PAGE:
Mere anarchy is loosed upon the world,
The blood-dimmed tide is loosed, and everywhere
The ceremony of innocence is drowned;
The best lack all conviction, while the worst
Are full of passionate intensity.

Surely some revelation is at hand;
Surely the Second Coming is at hand.
The Second Coming! Hardly are those words out
When a vast image out of Spiritus Mundi
Troubles my sight: a waste of desert sand;
A shape with lion body and the head of a man,
A gaze blank and pitiless as the sun,
Is moving its slow thighs, while all about it
Wind shadows of the indignant desert birds.

The darkness drops again but now I know
That twenty centuries of stony sleep
Were vexed to nightmare by a rocking cradle,
And what rough beast, its hour come round at last,
Slouches towards Bethlehem to be born?

Yani Tue 25-Oct-11 15:20:12

I remember learning this at school, and having very mixed feelings about it. It was a transition between childhood and adult understanding for me.

Seamus Heaney The Purge

I was six when I first saw kittens drown.
Dan Taggart pitched them, 'the scraggy wee shits',
Into a bucket; a frail metal sound,

Soft paws scraping like mad. But their tiny din
Was soon soused. They were slung on the snout
Of the pump and the water pumped in.

'Sure, isn't it better for them now?' Dan said.
Like wet gloves they bobbed and shone till he sluiced
Them out on the dunghill, glossy and dead.

Suddenly frightened, for days I sadly hung
Round the yard, watching the three sogged remains
Turn mealy and crisp as old summer dung

Until I forgot them. But the fear came back
When Dan trapped big rats, snared rabbits, shot crows
Or, with a sickening tug, pulled old hens' necks.

Still, living displaces false sentiments
And now, when shrill pups are prodded to drown
I just shrug, 'Bloody pups'. It makes sense:

'Prevention of cruelty' talk cuts ice in town
Where they consider death unnatural
But on well-run farms pests have to be kept down.

chipmonkey Tue 25-Oct-11 13:06:13

Also Love The Bells by Edgar Allen Poe

Hear the sledges with the bells -
Silver bells!
What a world of merriment their melody foretells!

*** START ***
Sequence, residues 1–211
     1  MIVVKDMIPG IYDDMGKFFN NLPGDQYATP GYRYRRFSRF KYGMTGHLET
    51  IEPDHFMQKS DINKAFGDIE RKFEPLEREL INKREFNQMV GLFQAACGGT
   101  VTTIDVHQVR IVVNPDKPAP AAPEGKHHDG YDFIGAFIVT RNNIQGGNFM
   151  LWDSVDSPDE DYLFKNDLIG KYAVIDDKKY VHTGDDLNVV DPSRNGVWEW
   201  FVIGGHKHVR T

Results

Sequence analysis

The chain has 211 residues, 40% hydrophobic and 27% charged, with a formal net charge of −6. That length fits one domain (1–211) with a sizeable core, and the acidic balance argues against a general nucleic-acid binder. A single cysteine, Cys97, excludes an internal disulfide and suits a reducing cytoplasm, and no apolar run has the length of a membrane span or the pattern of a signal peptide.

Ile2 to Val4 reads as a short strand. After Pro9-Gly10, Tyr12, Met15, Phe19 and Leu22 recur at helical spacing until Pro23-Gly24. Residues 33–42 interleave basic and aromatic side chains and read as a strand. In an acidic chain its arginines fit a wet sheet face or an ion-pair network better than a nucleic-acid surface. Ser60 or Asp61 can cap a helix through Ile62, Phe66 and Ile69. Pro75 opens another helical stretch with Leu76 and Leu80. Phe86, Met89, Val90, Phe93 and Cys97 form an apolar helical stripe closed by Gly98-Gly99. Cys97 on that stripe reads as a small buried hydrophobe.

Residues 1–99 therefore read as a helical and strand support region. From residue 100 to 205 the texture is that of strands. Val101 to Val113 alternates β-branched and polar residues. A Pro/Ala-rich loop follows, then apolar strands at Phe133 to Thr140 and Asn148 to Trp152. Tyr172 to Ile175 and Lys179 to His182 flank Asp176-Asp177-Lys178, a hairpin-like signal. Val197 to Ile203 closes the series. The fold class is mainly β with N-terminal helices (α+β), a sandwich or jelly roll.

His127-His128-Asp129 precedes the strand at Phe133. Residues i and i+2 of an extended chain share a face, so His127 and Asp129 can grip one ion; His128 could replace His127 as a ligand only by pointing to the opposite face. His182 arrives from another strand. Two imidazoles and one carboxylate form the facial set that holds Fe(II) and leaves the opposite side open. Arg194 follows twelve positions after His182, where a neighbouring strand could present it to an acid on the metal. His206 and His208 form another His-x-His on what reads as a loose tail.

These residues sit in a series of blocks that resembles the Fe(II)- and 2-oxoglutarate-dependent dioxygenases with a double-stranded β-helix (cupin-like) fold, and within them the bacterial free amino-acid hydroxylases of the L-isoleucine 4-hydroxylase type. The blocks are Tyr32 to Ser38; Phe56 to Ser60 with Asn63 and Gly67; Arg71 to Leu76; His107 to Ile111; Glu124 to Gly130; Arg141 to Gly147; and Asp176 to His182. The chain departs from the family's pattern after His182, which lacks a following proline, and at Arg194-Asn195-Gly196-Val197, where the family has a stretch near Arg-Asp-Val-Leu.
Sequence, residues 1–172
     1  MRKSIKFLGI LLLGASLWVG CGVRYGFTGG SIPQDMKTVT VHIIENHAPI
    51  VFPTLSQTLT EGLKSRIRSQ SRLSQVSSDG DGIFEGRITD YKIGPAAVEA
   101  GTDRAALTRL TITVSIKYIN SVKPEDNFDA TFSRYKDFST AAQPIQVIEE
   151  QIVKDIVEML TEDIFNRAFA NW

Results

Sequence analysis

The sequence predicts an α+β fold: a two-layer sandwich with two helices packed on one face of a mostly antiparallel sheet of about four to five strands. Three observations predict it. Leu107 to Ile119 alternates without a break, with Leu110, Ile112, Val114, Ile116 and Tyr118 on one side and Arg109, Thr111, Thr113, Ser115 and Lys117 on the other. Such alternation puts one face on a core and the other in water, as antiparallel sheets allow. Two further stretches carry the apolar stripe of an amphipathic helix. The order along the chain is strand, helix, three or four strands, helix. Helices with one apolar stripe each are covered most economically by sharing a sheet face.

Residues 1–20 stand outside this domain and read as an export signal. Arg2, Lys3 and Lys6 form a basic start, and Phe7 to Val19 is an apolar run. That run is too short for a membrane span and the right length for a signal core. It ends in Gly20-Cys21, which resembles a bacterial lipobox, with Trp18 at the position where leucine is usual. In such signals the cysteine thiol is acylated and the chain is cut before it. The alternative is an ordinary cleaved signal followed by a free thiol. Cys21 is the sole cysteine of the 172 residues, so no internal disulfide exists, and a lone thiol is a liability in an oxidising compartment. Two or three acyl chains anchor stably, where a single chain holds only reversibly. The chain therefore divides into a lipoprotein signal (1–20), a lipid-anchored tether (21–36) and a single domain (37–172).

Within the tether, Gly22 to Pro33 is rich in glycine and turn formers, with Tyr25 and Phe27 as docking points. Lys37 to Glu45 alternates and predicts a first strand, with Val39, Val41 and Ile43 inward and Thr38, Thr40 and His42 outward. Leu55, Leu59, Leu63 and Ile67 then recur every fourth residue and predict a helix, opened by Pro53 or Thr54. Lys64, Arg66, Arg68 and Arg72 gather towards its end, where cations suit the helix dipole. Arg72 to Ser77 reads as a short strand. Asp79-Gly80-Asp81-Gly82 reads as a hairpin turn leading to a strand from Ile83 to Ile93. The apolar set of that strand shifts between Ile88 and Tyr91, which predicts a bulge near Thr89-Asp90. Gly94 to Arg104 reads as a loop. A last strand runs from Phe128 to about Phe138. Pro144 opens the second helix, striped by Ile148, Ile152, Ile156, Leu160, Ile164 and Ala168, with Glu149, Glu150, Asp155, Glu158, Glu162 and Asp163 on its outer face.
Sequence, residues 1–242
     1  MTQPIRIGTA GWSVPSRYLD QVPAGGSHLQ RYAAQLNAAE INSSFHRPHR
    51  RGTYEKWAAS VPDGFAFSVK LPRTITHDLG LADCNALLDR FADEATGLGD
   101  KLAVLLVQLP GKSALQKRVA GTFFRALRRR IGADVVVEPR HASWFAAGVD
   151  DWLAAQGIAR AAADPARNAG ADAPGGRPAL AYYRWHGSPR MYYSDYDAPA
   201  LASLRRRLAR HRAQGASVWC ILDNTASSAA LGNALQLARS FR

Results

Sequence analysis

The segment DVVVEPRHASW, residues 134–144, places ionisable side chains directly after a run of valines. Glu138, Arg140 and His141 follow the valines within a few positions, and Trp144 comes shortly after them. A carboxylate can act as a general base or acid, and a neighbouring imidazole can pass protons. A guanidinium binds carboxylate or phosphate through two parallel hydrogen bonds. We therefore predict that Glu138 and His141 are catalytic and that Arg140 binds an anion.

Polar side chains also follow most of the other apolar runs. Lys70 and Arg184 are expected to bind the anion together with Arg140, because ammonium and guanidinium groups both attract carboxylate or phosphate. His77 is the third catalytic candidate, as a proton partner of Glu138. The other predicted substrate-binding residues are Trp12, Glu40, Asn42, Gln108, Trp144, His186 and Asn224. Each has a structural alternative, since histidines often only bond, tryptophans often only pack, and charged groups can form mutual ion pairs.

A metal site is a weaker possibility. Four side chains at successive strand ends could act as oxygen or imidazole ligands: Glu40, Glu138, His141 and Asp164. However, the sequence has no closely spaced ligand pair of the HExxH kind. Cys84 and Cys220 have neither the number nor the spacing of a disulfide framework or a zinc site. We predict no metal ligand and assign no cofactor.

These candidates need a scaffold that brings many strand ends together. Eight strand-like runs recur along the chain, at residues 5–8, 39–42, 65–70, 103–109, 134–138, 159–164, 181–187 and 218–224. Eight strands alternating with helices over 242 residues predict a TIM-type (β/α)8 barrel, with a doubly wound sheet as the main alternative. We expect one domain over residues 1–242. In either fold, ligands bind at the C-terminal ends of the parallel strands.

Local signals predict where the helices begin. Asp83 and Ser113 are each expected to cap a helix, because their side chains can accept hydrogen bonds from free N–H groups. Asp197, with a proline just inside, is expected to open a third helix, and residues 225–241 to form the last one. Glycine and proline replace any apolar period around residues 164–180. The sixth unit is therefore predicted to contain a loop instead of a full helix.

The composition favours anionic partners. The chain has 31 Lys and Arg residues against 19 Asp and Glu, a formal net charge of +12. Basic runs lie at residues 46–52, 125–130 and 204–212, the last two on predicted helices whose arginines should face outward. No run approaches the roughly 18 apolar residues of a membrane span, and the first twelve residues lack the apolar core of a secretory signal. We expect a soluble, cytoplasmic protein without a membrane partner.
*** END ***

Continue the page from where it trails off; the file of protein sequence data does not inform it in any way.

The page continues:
How they tinkle, tinkle, tinkle,
In the icy air of night!
While the stars that oversprinkle
All the heavens seem to twinkle
With a crystalline delight;
Keeping time, time, time,
In a sort of Runic rhyme,
To the tintinnabulation that so musically wells
From the bells, bells, bells, bells,
Bells, bells, bells -
From the jingling and the tinkling of the bells.

II

Hear the mellow wedding bells -
Golden bells!
What a world of happiness their harmony foretells!
Through the balmy air of night
How they ring out their delight!
From the molten-golden notes,
And all in tune,
What a liquid ditty floats
To the turtle-dove that listens, while she gloats
On the moon!
Oh, from out the sounding cells
What a gush of euphony voluminously wells!
How it swells!
How it dwells
On the Future! -how it tells
Of the rapture that impels
To the swinging and the ringing
Of the bells, bells, bells,
Of the bells, bells, bells, bells,
Bells, bells, bells -
To the rhyming and the chiming of the bells!

III

Hear the loud alarum bells -
Brazen bells!
What a tale of terror, now, their turbulency tells!
In the startled ear of night
How they scream out their affright!
Too much horrified to speak,
They can only shriek, shriek,
Out of tune,
In a clamorous appealing to the mercy of the fire,
In a mad expostulation with the deaf and frantic fire,
Leaping higher, higher, higher,
With a desperate desire,
And a resolute endeavor
Now -now to sit or never,
By the side of the pale-faced moon.
Oh, the bells, bells, bells!
What a tale their terror tells
Of despair!
How they clang, and clash, and roar!
What a horror they outpour
On the bosom of the palpitating air!
Yet the ear it fully knows,
By the twanging
And the clanging,
How the danger ebbs and flows;
Yet the ear distinctly tells,
In the jangling
And the wrangling,
How the danger sinks and swells,
By the sinking or the swelling in the anger of the bells -
Of the bells,
Of the bells, bells, bells, bells,
Bells, bells, bells -
In the clamor and the clangor of the bells!

IV

Hear the tolling of the bells -
Iron bells!
What a world of solemn thought their monody compels!
In the silence of the night,
How we shiver with affright
At the melancholy menace of their tone!
For every sound that floats
From the rust within their throats
Is a groan.
And the people -ah, the people -
They that dwell up in the steeple,
All alone,
And who tolling, tolling, tolling,
In that muffled monotone,
Feel a glory in so rolling
On the human heart a stone -
They are neither man nor woman -
They are neither brute nor human -
They are Ghouls:
And their king it is who tolls;
And he rolls, rolls, rolls,
Rolls
A paean from the bells!
And his merry bosom swells
With the paean of the bells!
And he dances, and he yells;
Keeping time, time, time,
In a sort of Runic rhyme,
To the paean of the bells,
Of the bells -
Keeping time, time, time,
In a sort of Runic rhyme,
To the throbbing of the bells,
Of the bells, bells, bells -
To the sobbing of the bells;
Keeping time, time, time,
As he knells, knells, knells,
In a happy Runic rhyme,
To the rolling of the bells,
Of the bells, bells, bells -
To the tolling of the bells,
Of the bells, bells, bells, bells,
Bells, bells, bells -
To the moaning and the groaning of the bells.

TarquinGyrfalcon Sun 23-Oct-11 23:36:42

Lots of the poems i love have already been added to this thread.
Here are two more

I saw a man this morning
Who did not wish to die
I ask, and cannot answer,
If otherwise wish I.

Fair broke the day this morning
Against the Dardanelles ;
The breeze blew soft, the morn's cheeks